use your voice / you know who’s in charge
to change the world / always remember
step up and be counted / behind every successful man
your limitless potential / is a woman
waiting to be realized / a beautiful trophy
is your birthright / to impress the guys
for you are a woman / the weaker sex
magnificent in every way / emotional, compassionate
don’t let them tell you / it’s why women can’t be leaders
who you are / because it threatens manliness
what you can or cannot be / to be considered equal
it is up to you / it’s just not going to happen
so fly my darling girl / don’t make waves
the sky’s the limit / smile and look pretty


A Cleave Poem is three poems in one. Read the left column, top to bottom, then the right column, top to bottom. And finally read each line across.

The Sun and The Moon

The Sun and The Moon

brilliant as the sun you are / cool as the moon are you
drawing me into your orbit / moving me like the tides
singeing me with white-hot passion / salty swells pounding the strand
warm flush reducing me to ash / over the edge, swirling shards of bone
sweeping me into a smoky haze / foaming flecks of sticky wetness
though others find your face alluring / reflecting flecks of distant luster
your steadfast devotion / illuminating the darkness
greets me at dawn / filling my nights
dewy mist rising / with sweet dreams of eternity
brilliant as the sun by day / cool as the moon’s pale glow
love’s slow burn / consuming me


A Cleave Poem for this week’s Mind Love Miseries’ Menagerie Sunday Writing Prompt Challenge inspired by Pablo Neruda’s Sonnet XVI (see below).

A cleave poem is three poems in one. Read the first column top to bottom, then the second top to bottom, and finally, read each line across top to bottom.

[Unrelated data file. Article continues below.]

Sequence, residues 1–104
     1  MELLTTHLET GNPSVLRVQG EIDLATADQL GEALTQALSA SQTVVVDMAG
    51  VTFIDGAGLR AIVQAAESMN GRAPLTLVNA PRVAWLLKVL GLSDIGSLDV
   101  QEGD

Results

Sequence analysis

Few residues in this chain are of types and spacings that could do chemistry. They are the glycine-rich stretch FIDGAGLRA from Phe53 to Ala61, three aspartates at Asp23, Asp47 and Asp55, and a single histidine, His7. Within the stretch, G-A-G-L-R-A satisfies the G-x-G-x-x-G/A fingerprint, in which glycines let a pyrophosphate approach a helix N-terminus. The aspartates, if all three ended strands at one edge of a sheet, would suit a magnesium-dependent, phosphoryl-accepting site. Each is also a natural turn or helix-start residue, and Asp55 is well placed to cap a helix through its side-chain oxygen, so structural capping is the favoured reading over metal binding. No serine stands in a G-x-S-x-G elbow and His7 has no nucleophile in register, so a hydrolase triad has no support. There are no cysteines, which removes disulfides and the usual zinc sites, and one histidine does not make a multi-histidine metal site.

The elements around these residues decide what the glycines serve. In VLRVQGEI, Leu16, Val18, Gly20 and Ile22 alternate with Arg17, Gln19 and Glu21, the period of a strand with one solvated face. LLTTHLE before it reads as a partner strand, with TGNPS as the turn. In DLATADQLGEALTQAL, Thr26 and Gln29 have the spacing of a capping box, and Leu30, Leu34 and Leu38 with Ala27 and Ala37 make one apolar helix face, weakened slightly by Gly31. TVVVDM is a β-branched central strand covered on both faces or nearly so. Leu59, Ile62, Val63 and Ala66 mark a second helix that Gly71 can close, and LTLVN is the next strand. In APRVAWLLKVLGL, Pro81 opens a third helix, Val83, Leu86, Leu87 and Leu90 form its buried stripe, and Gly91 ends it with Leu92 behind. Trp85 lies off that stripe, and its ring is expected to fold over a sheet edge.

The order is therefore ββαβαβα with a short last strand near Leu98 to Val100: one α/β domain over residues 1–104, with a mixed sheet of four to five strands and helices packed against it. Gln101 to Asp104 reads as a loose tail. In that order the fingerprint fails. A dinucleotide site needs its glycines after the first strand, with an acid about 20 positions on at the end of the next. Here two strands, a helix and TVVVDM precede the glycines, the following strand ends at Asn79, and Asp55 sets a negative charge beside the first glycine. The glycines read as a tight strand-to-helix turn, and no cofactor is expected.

Sonnet XVI by Pablo Neruda

I love the handful of the earth you are.
Because of its meadows, vast as a planet,
I have no other star. You are my replica
of the multiplying universe
Your wide eyes, are the only light I know
from extinguished constellations;
your skin throbs like the streak
of a meteor through rain.
Your hips were that much of the moon for me;
your deep mouth and its delights, that much sun;
your heart, fiery with its long red rays,
was that much ardent light, like honey in the shade.
So I pass across your burning form, kissing
you – compact and planetary, my dove, my globe.


we will never forget 9/11 / how can we forget 11/9

when terror descended / when hatred triumphed

that terrible morning / in the wee hour of three

as we watched in horror / it rendered us speechless

the towers collapsing / our worst fears were confirmed

but we were not broken / the truth was revealed

on that fateful day / we were us versus them

we banded together / now a nation divided

held hands with strangers / forced to look in the mirror

we sang kumbaya / to face our dark demons

we talked about love / emboldened, enraged

promising to remember / reliving past battles

but how soon we forgot / to the winners the spoils

what makes us great, America / First, they declared

our founding principles / we’ll build a great wall

our common ideals / shutter our borders

of life and liberty, / to keep them all out

the pursuit of happiness  / the foreigners, the hungry, the poor

for all who call this nation home / if you are the other

that’s why we gather to remember their names / we don’t want you here

so we will never forget them and / how can we forget

who we were when calamity struck / the day a madman of privilege declared

One America, Red, White and Blue / let’s make America Great


A cleave poem (three poems in one. Read the first Column in standard print as one poem, read the second column in bold print as another and finally read across the entire line for the third.)